We spent the rest of the afternoon trying to rebook the flight — and the rental car, and the hotel, and the dog sitter.  First we tried calling Royal Morocco Air, but they told us that we had to go through the booking agent, justfly.com (I know, I had never heard of them before either, but this is what happens when you use kayak).  Justfly apparently uses a call center in India, so I had to get on the phone to help Dominik with the accent.  The agent offered us a return flight routed through Casablanca and then a nine-hour layover at JFK before finishing the leg to DC the next morning.  It was hideous, but I was grateful that it was only a $300 change fee.  I agreed, but when he tried to book it, he said, “Oh my, because of your class of ticket, this is not available to you.  However, I will call the airline directly and see what I can do.”  He promised to call back within 15 minutes.  I think you can see where this is going.

After an hour, I starting looking a one-way tickets, thinking we might have to abandon the second leg and just book a new flight for the return home.  I was really excited to see one right at the top for only $509, which at this point seemed like a bargain.  But then I saw that it was on Aeroflot.  And then I saw that it was for a 50 hour trip.  When I opened the details, I saw that it had us flying from Geneva to St. Petersburg and spending the night, flying from St. Petersburg to Moscow and spending the night, and then flying directly from Moscow to DC in one leg.  “Honey, do you want to go to Moscow?”

We decided that getting last minute visas for Russia would be impossible, and it’s probably not the best time to be flying into DC from Moscow anyway. We seriously considered one option that flew Geneva to Copenhagen, Copenhagen to Reykjavik, then Reykjavik to Boston, and finally Boston to BWI (which is more than an hour away), landing at almost midnight. We decided against that one because two of the connections were tight and I thought we might not be able to get an Uber from BWI to Virginia in the middle of the night.  We also ruled out one with an overnight layover in Porto, Portugal, because it was too short to do anything but sleep at an airport hotel.  One of the more ridiculous yet attractive options involved taking a train from Geneva to Paris on Friday night, staying overnight in Paris by the Gare de Lyon, and then catching a flight out of Charles de Gaulle which would take us through two more connections before home the next night.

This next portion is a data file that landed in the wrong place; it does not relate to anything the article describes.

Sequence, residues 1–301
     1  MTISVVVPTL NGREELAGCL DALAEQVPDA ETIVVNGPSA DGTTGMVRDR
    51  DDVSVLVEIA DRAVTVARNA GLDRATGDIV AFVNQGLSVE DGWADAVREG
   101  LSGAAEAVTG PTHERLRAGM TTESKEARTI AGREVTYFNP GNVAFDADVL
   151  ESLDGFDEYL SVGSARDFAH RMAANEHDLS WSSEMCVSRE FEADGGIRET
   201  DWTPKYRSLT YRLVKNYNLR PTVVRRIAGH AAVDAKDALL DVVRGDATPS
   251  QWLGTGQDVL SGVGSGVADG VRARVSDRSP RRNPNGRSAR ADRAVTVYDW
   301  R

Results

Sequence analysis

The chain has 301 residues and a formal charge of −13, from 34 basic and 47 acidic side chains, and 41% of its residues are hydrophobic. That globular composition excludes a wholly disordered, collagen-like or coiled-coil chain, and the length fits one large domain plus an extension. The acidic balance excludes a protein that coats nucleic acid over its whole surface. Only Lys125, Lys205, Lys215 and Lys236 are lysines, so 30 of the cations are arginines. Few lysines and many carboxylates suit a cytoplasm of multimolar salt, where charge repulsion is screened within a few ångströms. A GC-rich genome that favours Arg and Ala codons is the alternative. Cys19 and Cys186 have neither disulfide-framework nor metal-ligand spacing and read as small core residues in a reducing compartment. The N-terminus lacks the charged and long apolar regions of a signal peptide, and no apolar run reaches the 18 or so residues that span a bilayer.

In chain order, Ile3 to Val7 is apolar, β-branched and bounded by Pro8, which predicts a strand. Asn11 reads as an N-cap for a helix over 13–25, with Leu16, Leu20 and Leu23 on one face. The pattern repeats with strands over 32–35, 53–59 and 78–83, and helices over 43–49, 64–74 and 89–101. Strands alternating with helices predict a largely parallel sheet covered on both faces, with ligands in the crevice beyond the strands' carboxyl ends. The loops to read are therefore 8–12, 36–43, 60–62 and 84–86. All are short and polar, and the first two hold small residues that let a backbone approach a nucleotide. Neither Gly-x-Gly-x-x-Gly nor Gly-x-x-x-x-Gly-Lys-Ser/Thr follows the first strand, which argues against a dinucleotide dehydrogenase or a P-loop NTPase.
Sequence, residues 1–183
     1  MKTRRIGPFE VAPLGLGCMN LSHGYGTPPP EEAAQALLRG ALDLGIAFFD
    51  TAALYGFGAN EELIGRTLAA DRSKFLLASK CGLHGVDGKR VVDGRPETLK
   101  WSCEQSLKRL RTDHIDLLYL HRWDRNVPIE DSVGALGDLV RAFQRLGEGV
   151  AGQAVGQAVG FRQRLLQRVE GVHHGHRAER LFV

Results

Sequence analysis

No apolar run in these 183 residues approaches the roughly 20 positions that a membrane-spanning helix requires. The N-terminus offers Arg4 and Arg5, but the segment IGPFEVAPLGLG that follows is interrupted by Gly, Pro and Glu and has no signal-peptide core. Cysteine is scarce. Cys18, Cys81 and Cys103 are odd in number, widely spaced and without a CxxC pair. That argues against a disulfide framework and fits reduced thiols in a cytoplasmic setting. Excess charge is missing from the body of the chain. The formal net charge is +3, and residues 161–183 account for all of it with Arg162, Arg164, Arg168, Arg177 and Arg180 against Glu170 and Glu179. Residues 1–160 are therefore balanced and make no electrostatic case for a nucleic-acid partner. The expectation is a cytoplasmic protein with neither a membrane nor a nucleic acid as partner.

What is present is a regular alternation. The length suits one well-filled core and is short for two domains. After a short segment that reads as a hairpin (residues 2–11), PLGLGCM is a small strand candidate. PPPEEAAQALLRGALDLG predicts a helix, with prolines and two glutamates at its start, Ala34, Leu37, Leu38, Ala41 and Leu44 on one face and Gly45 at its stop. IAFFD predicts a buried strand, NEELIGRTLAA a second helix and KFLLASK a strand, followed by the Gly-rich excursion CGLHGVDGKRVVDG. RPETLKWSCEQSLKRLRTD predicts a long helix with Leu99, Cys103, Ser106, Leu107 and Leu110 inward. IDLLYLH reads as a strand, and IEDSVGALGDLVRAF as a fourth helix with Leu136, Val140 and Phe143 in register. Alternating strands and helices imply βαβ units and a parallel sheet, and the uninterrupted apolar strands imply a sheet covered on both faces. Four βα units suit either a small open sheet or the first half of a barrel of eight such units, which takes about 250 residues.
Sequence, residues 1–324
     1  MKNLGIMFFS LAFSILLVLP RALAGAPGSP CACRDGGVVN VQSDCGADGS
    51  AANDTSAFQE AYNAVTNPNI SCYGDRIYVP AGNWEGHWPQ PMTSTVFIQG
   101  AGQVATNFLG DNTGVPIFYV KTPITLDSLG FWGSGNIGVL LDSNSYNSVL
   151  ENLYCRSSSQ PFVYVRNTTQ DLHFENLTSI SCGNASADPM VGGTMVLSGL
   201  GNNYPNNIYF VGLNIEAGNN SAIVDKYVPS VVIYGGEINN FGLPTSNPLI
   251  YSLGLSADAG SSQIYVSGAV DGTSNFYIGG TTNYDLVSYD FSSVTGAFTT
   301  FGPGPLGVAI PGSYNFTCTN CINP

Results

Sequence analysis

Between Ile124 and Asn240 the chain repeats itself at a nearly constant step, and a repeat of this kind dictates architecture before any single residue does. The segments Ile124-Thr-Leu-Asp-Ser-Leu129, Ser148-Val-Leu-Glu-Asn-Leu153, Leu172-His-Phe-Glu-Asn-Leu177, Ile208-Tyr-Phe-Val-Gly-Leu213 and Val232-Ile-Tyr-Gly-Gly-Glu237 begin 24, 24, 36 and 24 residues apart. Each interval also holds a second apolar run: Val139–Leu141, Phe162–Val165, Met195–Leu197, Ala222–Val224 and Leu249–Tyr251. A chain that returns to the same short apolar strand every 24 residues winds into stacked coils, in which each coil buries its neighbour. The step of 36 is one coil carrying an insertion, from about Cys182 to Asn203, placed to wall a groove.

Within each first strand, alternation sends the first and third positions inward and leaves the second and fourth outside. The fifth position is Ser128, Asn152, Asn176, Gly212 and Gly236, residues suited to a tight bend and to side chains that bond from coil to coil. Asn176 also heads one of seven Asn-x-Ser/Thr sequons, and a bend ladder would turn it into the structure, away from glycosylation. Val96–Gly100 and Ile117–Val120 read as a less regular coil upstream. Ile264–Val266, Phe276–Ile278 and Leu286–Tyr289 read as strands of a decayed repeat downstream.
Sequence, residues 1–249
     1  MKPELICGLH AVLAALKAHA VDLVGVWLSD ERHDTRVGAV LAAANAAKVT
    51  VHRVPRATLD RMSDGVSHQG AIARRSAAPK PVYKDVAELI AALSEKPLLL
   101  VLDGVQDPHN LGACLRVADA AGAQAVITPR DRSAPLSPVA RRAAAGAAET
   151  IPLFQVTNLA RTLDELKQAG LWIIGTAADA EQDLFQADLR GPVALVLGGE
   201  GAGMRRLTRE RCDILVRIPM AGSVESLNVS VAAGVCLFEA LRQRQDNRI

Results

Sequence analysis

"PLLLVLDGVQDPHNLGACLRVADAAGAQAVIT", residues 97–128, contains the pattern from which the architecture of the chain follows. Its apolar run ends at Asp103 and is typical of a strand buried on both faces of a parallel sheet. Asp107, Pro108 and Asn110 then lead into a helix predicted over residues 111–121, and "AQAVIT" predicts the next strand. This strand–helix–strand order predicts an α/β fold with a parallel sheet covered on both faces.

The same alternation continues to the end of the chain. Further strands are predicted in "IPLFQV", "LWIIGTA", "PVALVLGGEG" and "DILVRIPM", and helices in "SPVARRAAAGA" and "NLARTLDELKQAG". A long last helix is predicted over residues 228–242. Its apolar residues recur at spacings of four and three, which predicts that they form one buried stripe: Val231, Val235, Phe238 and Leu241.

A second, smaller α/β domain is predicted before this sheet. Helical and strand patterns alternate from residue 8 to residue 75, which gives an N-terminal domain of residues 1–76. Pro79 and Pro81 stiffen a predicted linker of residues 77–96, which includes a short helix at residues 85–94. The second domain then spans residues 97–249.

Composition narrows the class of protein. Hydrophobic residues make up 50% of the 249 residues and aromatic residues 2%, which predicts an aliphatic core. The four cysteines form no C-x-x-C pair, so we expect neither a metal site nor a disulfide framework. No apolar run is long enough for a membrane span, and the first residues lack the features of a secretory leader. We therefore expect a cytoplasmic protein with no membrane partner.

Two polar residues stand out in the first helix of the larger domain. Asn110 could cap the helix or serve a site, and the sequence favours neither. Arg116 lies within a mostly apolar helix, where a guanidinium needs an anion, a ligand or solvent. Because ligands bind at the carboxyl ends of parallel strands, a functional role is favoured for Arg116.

Since three hours had passed, we decided to call Justfly to see what they had come up with.  Of course there was no indication in their files that we had ever called or that anyone had ever promised to do anything.  The new call representative simplified things by just claiming that there were no flights available, but she did offer to cancel the tickets since there was nothing available, for a fee.  They charged the additional fee to the credit card immediately, but they’ll get around to refunding the rest in six to eight weeks.  Of course.

I don’t even want to tell you how much it cost to book a transatlantic flight on only three days’ notice, but at least we’re flying on Scandinavian Airlines to Geneva and back with just a short stop in Copenhagen each way.  I’ve never flown Scandinavian Airlines, but there are no weird connections, no landing in the middle of the night.  And no Moscow.

 

Copyright 2018, Rachel Howard

3 thoughts on “Do you want to go to Moscow?

  1. “One of the more ridiculous yet attractive options involved taking a train from Geneva to Paris on Friday night, staying overnight in Paris by the Gare de Lyon, and then catching a flight out of Charles de Gaulle …” that would have been my favorite: Taking a swift and comfortable ride in the ultramodern “Lyria” High-Speeed-Train (3 hours for 600km), having a romantic dinner at one of the small restaurants around Boulevard Diderot and a breakfast a la parisienne before getting on the Metro towards the airport… sigh. Head over heart, reason over romance…its a business trip,after all. And Paris will still be 3 hours from Geneva in the times to come,right ?

    Liked by 1 person

    1. All my contacts with SAS have been pleasant. Once, just having come from Germany, I addressed my attendant in German, by accident. She replied in English “I speak German, but I don’t do it for pleasure.” OK. She was perfectly pleasant and we then spoke English… 🙂

      Liked by 1 person

  2. I choose to believe that your mother had a hand in your connection to the unsinkable Mme. Cadiere and that she’s enjoying a laugh at the whole airline debacle 😘

    Liked by 1 person